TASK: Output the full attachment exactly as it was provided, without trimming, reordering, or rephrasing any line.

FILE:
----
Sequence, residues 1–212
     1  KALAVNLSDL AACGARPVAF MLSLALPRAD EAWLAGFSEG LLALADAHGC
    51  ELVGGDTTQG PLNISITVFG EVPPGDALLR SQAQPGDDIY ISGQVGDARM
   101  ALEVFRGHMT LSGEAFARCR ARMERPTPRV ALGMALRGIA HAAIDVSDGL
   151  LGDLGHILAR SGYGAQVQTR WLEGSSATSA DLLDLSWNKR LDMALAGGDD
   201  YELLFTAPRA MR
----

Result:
Sequence, residues 1–212
     1  KALAVNLSDL AACGARPVAF MLSLALPRAD EAWLAGFSEG LLALADAHGC
    51  ELVGGDTTQG PLNISITVFG EVPPGDALLR SQAQPGDDIY ISGQVGDARM
   101  ALEVFRGHMT LSGEAFARCR ARMERPTPRV ALGMALRGIA HAAIDVSDGL
   151  LGDLGHILAR SGYGAQVQTR WLEGSSATSA DLLDLSWNKR LDMALAGGDD
   201  YELLFTAPRA MR